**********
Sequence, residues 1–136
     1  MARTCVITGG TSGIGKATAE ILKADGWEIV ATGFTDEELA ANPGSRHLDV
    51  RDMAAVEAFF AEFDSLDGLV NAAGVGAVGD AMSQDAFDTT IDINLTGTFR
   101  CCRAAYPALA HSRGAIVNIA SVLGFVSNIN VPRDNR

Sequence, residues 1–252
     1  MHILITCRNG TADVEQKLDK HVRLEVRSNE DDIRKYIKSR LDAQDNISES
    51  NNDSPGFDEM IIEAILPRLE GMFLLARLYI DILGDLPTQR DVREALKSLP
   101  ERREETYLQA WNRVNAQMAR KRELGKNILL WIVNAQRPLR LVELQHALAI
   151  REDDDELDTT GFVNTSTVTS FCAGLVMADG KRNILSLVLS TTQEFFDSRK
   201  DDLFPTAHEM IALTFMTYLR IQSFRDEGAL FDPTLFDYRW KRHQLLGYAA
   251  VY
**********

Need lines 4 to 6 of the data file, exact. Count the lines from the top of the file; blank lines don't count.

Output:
   101  CCRAAYPALA HSRGAIVNIA SVLGFVSNIN VPRDNR

Sequence, residues 1–252
     1  MHILITCRNG TADVEQKLDK HVRLEVRSNE DDIRKYIKSR LDAQDNISES